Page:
Learning to write is a tough skill. Making words flow is not easy. Using well organized notecards, writers can sort cards and organize the flow before putting it into writing. Once this is done, a draft can be started. Good writers read their drafts--out loud--to hear how it sounds, always editing and improving. Sometimes, more words helps the flow (instead of: The violence in Rwanda was widespread-perhaps- The violence in Rwanda was massive and widespread, touching every community and sparing none.) Other times, a more succinct message is appropriate (The global response was a failure.) All messages should be stated as facts, supporting the writer's argument, even when equal facts may exist that support another opinion. There is no substitute for a broad vocabulary. This is a time for the thesaurus. Some words are better than others (They ratified the new constitution. He denounced the new government.) Stunning is stronger than surprising; ridiculed is stronger than mocked or laughed at.

In text quotations are tough too. Students need practice with this skill; finding and inserting (and then citing) quotations that match their thought process is a high level skill. But once learned, it will be a lifelong asset. Student should be careful to choose the most fitting quote that makes the biggest impact (While studies are currently underway to obtain current and specific statistics, the National Reading Panel suggests, " least 20% of readers in third grade are reading well below grade level across the nation" (National Institutes of Health, 2001).

A strong conclusion brings the whole paper together. The conclusion should rephrase the thesis in a direct and conclusive manner, using some details from the paper: Too often, students begin this paragraph with "In conclusion..."  Worse, so many students insert the mighty "I" statements (I think the genocide in Rwanda was a horrific event, but I think the country has learned from it). Students must be taught to state their opinions without using the I-statement. This is hard for kids to learn. Instead, the conclusion might look something like: Despite a massive genocide which tore the country apart, the government of Rwanda has made great efforts to achieve its goal of creating a middle-income country by the year 2020. It should be concisely supported, not only with facts but conclusions drawn by the writer (This goal, while lofty, is already being acted upon, with Rwanda focusing resources on improving roads, developing tourism and planning for a university system. Real progress, however, will require a redoubling of efforts and resources.)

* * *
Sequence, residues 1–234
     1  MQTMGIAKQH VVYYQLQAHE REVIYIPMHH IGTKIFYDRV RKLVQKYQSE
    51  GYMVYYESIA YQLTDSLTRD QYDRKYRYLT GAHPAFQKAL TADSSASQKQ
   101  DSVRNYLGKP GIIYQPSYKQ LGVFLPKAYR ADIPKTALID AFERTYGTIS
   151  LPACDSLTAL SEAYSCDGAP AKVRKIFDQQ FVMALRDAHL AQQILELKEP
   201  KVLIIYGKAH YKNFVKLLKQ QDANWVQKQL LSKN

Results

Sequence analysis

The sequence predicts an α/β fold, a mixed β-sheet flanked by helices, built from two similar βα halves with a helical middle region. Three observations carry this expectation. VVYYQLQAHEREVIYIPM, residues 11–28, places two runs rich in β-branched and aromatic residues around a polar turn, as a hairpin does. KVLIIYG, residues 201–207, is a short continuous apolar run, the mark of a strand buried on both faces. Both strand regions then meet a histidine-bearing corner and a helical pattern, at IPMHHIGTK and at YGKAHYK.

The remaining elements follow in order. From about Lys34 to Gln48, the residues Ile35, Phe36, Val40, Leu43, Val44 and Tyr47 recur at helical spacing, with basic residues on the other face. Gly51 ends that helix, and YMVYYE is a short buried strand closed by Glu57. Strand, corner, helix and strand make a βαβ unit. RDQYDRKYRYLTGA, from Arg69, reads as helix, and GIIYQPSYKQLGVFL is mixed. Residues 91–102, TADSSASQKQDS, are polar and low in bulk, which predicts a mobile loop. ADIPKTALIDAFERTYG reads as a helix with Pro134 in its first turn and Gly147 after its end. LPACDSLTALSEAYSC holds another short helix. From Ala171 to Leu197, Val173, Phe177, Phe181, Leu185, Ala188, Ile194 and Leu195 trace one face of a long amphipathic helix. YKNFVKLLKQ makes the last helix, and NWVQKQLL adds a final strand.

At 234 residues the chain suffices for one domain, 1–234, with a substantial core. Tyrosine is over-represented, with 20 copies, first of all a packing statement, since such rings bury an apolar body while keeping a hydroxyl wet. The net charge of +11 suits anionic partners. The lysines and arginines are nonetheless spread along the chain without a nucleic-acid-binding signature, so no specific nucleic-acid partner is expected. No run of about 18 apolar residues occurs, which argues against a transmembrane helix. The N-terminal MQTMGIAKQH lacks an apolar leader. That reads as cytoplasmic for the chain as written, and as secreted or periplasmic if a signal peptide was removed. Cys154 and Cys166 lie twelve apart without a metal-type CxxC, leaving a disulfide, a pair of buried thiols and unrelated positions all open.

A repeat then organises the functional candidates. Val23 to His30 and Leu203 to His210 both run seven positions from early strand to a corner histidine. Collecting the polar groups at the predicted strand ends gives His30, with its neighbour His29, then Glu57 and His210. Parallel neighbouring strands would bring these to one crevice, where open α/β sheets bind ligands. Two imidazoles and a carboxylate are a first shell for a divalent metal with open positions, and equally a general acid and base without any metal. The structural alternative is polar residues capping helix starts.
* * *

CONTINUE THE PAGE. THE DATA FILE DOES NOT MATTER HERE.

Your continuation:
A great way to practice writing technique is to do it before the major paper is due. Practice with simple, fact-based topics (e.g. All About Dolphins; The Difference Between Lincoln and Washington; Mountain Gorillas in Danger). Use a topic that students find interesting and simple sources (limited to 2 for practice) that offer straight-forward information that is easy to read and understand. (A note here about finding reliable sources: a safe bet for students using the internet is to focus on government sources, .org sources and major publications sites--Time, Newsweek, BBC, etc...). Of course, it goes without saying that good writing comes good reading. Thoroughly review all sources and have students read with you to be sure they are comprehending. When reading on the internet, make use of features such as the computer's ability to define unfamiliar words and supply synonyms. Help children practice paraphrasing and summarizing in their own words. These techniques will be good practice for writing.

As students grow as writers they learn what a valuable tool writing can be. After all, the pen is mightier than the sword! (Edward Bulwer Lytton, 1839).